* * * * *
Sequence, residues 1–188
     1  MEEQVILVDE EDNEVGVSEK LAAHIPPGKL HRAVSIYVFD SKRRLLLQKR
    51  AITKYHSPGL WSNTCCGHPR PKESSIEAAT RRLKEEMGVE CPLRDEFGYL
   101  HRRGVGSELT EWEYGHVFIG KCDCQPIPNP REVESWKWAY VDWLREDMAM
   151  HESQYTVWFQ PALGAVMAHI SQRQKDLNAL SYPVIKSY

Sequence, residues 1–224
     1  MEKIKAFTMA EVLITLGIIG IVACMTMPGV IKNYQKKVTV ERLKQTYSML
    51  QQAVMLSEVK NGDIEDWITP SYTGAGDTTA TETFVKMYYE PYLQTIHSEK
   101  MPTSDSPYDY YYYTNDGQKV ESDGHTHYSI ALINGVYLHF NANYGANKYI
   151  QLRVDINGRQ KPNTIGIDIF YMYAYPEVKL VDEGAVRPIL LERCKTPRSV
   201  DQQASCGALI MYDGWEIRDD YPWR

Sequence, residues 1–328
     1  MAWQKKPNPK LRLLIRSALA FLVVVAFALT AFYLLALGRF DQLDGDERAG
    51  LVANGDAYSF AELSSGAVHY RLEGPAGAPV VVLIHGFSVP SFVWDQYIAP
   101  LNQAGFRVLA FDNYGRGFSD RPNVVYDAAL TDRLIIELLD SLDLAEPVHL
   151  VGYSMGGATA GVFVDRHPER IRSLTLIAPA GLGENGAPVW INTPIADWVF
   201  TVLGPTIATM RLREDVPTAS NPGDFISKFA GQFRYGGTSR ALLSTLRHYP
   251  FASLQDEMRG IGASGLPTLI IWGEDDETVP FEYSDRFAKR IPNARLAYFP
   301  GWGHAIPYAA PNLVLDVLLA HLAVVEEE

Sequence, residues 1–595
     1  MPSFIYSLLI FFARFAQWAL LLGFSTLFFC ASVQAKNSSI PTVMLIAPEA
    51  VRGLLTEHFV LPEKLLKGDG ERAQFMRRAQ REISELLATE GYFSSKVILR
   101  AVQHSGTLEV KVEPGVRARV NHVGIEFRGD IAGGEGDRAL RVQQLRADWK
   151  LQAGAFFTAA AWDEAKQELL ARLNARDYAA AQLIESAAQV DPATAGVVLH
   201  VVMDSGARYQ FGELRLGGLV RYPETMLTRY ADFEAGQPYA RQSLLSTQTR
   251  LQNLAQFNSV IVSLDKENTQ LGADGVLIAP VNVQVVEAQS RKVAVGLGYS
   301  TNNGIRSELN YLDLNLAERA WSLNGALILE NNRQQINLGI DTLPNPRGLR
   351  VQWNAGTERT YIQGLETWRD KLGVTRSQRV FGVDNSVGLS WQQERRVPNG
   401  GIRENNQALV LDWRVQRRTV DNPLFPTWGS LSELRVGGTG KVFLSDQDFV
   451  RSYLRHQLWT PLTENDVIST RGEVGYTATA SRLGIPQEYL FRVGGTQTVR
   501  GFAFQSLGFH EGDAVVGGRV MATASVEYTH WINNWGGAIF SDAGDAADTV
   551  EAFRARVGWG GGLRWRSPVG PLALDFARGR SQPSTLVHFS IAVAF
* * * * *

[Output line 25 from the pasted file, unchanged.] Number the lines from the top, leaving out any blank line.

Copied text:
   201  VVMDSGARYQ FGELRLGGLV RYPETMLTRY ADFEAGQPYA RQSLLSTQTR